I've excerpted some highlights here. Readers of this blog can read the complete article at the following link.
As the boomers and their parents age, more and more family members are managing eldercare responsibilities. The emotional, physical and financial demands of caring for aging parents can be extensive. What’s more, the healthcare needs of aging parents can become overwhelmingly expensive — and may include costs that affect their family members in ways that aren’t immediately apparent.
- Having a long-term road map and a savings plan in place can help you care for your parents in the way they desire while enabling you to continue working towards your financial goals. This can be helpful in making informed short-term decisions, especially when there are unexpected expenses and emotions involved.
- Talk about finances now. It’s essential that you are familiar with their financial strategy and resources.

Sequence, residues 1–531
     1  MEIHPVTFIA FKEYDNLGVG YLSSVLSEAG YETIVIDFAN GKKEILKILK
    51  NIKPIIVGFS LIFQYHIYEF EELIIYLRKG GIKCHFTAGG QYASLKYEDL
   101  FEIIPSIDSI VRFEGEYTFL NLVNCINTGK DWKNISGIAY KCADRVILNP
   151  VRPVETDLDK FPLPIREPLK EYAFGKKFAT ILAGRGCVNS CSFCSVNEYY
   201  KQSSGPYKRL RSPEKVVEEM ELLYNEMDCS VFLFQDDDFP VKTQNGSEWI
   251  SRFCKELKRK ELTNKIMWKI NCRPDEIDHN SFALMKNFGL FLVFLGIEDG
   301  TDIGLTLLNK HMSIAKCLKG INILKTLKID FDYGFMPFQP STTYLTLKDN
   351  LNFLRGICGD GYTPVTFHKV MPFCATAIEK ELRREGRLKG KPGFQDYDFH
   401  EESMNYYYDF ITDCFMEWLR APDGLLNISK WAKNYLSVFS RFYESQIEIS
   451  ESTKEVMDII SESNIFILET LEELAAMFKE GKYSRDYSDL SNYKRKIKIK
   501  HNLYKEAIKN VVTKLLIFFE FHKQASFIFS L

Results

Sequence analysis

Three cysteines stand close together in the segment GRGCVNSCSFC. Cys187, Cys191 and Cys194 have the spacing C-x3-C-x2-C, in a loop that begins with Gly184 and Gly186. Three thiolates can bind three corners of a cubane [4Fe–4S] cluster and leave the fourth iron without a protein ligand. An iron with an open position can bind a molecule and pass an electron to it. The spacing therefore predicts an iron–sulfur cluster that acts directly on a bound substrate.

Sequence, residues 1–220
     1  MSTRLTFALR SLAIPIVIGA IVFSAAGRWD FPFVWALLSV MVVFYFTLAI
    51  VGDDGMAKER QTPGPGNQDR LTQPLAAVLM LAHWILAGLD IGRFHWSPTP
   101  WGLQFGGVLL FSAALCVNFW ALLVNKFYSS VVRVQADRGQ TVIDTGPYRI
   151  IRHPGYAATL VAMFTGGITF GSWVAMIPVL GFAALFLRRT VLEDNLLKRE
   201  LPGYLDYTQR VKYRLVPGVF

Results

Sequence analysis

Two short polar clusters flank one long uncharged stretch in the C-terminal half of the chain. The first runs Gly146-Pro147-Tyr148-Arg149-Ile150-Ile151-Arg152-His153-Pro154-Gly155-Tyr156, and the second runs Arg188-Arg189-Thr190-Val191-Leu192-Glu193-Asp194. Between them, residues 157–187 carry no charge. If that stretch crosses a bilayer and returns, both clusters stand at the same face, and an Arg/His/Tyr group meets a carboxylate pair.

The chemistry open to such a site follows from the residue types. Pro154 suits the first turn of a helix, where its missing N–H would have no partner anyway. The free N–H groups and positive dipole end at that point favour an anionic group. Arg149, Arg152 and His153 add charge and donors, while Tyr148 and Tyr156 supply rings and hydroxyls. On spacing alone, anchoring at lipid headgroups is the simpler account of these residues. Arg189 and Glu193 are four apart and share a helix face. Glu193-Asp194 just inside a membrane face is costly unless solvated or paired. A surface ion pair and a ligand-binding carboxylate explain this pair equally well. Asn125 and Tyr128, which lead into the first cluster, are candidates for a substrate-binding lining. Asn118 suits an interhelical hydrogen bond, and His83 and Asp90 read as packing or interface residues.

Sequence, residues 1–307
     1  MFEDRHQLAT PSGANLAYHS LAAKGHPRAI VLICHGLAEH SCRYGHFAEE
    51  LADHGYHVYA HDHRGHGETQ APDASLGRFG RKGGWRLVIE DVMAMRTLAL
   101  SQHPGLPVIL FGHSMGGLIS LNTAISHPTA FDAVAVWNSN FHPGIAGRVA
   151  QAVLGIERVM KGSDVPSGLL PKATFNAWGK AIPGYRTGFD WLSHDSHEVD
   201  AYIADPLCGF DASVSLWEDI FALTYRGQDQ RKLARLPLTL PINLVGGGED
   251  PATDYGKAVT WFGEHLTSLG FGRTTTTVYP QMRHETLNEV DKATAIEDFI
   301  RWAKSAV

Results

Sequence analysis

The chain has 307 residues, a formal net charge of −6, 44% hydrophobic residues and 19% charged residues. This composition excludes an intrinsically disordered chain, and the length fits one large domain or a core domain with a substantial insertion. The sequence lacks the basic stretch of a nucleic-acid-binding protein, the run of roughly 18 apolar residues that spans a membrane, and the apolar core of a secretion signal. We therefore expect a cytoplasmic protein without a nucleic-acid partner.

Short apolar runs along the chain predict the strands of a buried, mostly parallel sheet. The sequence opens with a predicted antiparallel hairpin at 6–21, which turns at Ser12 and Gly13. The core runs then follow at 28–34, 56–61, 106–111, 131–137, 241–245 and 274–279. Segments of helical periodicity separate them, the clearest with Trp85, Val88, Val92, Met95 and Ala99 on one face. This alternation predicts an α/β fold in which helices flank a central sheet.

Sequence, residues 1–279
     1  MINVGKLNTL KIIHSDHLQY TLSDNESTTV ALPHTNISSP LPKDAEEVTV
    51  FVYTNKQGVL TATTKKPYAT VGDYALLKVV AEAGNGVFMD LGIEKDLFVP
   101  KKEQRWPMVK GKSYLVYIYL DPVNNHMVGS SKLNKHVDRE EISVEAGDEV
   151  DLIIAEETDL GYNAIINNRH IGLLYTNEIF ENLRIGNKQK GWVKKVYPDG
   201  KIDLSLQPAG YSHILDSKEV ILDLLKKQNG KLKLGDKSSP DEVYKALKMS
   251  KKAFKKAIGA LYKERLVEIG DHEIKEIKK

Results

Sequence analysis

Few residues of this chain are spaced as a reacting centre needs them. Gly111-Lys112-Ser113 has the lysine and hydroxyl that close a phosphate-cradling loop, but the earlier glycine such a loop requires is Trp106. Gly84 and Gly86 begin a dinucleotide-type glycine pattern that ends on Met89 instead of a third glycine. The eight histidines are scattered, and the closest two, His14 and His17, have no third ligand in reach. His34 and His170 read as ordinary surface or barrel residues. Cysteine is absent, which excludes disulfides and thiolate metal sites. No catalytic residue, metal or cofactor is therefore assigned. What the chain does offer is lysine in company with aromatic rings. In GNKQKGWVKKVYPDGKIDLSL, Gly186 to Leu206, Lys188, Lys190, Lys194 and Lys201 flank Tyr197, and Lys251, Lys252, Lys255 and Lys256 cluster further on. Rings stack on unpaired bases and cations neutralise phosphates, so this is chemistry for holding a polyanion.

- Create a contact list for medical emergencies and know how to your access your parents’ bank accounts and other financial resources on short notice.
- Know the location of important financial and legal documents and lockbox keys.
- Identify current healthcare costs and needs.
- Build a support network. Talk with siblings or other family members, neighbors and industry professionals to determine who can help you care for your aging parents — and in what capacity and at what cost.
- Anticipate future l i festyle changes and challenges. This includes determining whether your home would need to be modified to provide additional space or comforts, such as wheelchair access.
- Understanding these costs ahead of time can help you identify what you and your parents can afford and will give you time to consider the pros and cons of each option.
- Know your rights at work. The Federal Family and Medical Leave Act of 1993 (FMLA) allows covered employees up to 12 weeks of unpaid leave to provide care for a family member with a serious health condition.